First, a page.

To prevent air entrapment from occurring, there is a method in which water is put onto the adherend or the pressure-sensitive adhesive surface in advance before the two are stuck together; however, in the case of sticking on a pressure-sensitive adhesive sheet having large dimensions such as a scattering glass preventing film stuck onto a window, a decorative film or a marking film, much time and effort is required. Moreover, there is a method in which air entrapment is prevented from occurring by sticking on the pressure-sensitive adhesive sheet using a device rather than by hand; however, depending on the use of the pressure-sensitive adhesive sheet or the site or shape of the adherend, it may not be possible to use such a device for sticking on the pressure-sensitive adhesive sheet.

Meanwhile, a resin material such as an acrylic resin, an ABS resin, a polystyrene resin or a polycarbonate resin may emit a gas upon heating or even with no heating; in the case of sticking a pressure-sensitive adhesive sheet onto an adherend made of such a resin material, blistering may occur on the pressure-sensitive adhesive sheet due to the gas emitted from the adherend.

Moreover, in the case of sticking a pressure-sensitive adhesive sheet onto an adherend made of a resin through which gas readily permeates, gas that has permeated through may build up between the adherend and the pressure-sensitive adhesive sheet, so that the pressure-sensitive adhesive sheet blisters or peels off. For example, in the case that a marking sheet is stuck onto a polyethylene resin gasoline tank of a motorbike, vapor of gasoline in the gasoline tank may vaporize so as to permeate through the polyethylene resin layer of the gasoline tank, so that the marking sheet blisters or peels off, bringing about an undesirable situation such as the appearance being marred.

To solve such problems, in Japanese Utility Model Registration No. 2503717 and Japanese Utility Model Registration No. 2587198, there is proposed a pressure-sensitive adhesive sheet in which a large number of independent small protruding portions are disposed scattered over a pressure-sensitive adhesive surface of a pressure-sensitive adhesive layer. In this pressure-sensitive adhesive sheet, a state is maintained in which the tips of the small protruding portions of the pressure-sensitive adhesive layer are in close contact with the adherend and hence a basic flat surface of the pressure-sensitive adhesive layer is separated away from the adherend, whereby gaps that communicate with the outside arise between the basic flat surface of the pressure-sensitive adhesive layer and the adherend, and hence air or gas can escape to the outside from these gaps, thus preventing air entrapment or blistering of the pressure-sensitive adhesive sheet.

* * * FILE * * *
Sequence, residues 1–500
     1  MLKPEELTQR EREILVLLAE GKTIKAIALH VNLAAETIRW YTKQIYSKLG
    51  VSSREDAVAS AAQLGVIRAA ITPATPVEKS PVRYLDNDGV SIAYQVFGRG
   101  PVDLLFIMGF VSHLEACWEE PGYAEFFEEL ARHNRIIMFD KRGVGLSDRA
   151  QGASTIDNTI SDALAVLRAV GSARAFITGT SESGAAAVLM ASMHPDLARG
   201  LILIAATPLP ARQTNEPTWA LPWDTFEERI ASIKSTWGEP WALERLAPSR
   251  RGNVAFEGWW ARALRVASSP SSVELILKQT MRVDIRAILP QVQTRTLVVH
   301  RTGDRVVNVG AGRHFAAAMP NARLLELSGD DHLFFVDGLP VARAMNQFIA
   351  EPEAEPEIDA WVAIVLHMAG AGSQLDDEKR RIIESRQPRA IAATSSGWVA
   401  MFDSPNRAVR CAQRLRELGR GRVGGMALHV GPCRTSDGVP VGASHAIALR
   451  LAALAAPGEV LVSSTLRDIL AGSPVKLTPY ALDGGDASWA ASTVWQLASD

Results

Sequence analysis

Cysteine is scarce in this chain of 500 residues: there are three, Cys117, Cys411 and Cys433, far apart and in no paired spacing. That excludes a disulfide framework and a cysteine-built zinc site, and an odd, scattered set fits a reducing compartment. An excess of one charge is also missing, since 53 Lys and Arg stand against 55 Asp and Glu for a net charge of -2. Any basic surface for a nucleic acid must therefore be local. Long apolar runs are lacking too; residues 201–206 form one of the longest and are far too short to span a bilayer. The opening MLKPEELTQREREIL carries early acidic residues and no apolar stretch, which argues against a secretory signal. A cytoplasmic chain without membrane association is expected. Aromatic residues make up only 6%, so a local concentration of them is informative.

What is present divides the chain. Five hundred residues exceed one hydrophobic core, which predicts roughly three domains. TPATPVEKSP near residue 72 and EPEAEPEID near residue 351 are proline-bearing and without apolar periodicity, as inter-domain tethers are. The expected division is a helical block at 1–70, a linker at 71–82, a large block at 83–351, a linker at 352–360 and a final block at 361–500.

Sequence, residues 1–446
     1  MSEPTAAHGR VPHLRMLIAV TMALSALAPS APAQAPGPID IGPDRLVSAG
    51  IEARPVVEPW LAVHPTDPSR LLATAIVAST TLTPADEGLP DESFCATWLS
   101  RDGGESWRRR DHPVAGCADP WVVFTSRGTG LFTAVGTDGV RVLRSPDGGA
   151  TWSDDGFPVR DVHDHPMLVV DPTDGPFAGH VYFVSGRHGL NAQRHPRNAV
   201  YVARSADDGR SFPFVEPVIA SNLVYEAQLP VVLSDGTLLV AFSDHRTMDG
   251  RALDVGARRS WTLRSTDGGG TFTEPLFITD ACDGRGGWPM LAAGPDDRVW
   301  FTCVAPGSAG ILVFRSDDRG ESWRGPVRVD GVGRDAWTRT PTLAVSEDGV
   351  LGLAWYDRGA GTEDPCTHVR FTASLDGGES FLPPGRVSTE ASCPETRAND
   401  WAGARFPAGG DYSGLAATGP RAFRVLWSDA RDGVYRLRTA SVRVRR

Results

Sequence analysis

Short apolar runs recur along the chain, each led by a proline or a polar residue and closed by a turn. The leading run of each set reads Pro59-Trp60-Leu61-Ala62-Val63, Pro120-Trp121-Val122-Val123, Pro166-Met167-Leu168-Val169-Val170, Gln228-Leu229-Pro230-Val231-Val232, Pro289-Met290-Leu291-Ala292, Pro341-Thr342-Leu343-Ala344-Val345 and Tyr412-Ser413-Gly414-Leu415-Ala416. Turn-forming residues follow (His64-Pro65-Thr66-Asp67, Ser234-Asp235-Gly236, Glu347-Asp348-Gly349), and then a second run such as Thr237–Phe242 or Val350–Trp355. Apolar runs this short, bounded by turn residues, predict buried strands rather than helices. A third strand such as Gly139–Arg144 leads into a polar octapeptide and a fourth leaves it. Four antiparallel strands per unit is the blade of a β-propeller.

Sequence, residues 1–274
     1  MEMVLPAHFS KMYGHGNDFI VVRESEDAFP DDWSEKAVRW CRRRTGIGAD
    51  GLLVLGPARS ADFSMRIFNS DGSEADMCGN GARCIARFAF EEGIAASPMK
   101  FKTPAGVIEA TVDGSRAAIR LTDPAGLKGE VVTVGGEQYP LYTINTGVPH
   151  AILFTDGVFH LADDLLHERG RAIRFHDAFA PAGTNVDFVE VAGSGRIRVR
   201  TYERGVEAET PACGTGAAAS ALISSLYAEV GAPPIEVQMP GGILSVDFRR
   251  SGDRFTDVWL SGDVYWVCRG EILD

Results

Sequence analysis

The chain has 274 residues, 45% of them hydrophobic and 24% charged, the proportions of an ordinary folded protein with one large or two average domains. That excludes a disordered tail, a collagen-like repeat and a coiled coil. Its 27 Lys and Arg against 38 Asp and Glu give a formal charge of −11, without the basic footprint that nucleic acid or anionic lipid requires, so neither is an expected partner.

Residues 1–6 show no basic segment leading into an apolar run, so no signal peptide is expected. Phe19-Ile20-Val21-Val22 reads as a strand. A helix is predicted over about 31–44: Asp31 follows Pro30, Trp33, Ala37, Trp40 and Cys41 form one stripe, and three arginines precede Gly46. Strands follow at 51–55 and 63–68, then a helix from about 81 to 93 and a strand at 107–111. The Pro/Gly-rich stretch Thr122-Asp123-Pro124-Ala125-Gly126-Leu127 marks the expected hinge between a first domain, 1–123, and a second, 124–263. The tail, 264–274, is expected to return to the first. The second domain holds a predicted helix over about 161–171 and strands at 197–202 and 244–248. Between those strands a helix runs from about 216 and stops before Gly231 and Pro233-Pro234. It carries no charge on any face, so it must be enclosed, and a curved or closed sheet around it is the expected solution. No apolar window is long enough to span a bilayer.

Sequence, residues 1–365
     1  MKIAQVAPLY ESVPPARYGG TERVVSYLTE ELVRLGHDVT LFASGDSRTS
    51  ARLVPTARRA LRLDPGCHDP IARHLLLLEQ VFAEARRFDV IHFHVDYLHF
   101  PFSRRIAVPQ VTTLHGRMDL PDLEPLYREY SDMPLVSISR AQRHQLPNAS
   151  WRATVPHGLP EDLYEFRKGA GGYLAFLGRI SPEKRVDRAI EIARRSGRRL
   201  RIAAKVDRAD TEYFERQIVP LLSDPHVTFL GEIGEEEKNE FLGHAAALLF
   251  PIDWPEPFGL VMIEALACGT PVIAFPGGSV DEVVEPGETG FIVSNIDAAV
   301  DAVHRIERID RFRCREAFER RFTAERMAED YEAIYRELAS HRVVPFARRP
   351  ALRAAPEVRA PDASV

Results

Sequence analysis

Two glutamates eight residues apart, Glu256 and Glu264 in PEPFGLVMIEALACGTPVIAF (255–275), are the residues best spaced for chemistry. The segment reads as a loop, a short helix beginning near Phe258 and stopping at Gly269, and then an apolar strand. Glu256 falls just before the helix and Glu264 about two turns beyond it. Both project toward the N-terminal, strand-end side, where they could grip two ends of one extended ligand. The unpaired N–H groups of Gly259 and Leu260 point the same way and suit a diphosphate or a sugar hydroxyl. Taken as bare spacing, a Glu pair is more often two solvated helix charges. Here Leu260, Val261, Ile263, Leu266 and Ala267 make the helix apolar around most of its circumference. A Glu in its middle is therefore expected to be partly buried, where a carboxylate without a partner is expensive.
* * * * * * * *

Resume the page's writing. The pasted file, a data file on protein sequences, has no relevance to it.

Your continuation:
DISCLOSURE OF THE INVENTION Problem to be Solved by the Invention

However, with the pressure-sensitive adhesive sheet disclosed in Japanese Utility Model Registration No. 2503717 and Japanese Utility Model Registration No. 2587198, there have been problems that, because only the tips of the small protruding portions of the pressure-sensitive adhesive layer are stuck to the adherend, the adhesive strength is weak, and moreover water, chemicals and so on readily infiltrate in between the pressure-sensitive adhesive layer and the adherend, whereby the adhesive strength further drops. Even if such a pressure-sensitive adhesive sheet is strongly pressed against the adherend, the adhesive strength is still not adequate due to the influence of the small protruding portions of the pressure-sensitive adhesive layer. Moreover, in this case, the gaps communicating with the outside are filled in, and hence blistering that occurs when gas is emitted from the adherend cannot be prevented.

The present invention has been devised in view of the above state of affairs; it is an object of the present invention to provide a pressure-sensitive adhesive sheet according to which air entrapment and blistering can be prevented or eliminated while securing adequate adhesive strength and with no marring of the appearance of the pressure-sensitive adhesive sheet, a method of manufacturing such a pressure-sensitive adhesive sheet, a release liner that can be used in the manufacture of such a pressure-sensitive adhesive sheet, and a method of manufacturing such a release liner.

Means for Solving the Problem

To attain the above object, firstly, the present invention provides a pressure-sensitive adhesive sheet comprising a base material, and a pressure-sensitive adhesive layer laminated on the base material, the pressure-sensitive adhesive sheet characterized in that gas-passing channels that communicate to the outside of the pressure-sensitive adhesive sheet are formed in at least the pressure-sensitive adhesive layer side of the base material, a plurality of through holes passing through the pressure-sensitive adhesive layer in a thickness direction are formed in the pressure-sensitive adhesive layer, the gas-passing channels in the base material and the through holes in the pressure-sensitive adhesive layer communicate with one another, and the through holes in the pressure-sensitive adhesive layer are formed so as to have a prescribed diameter through gas from holes in a release liner laminated onto a pressure-sensitive adhesive surface of the pressure-sensitive adhesive layer passing through the pressure-sensitive adhesive layer, the through holes being formed not randomly but rather in prescribed positions in the pressure-sensitive adhesive layer (invention 1). Note that in this pressure-sensitive adhesive sheet, the release liner may be peeled off and thus not present.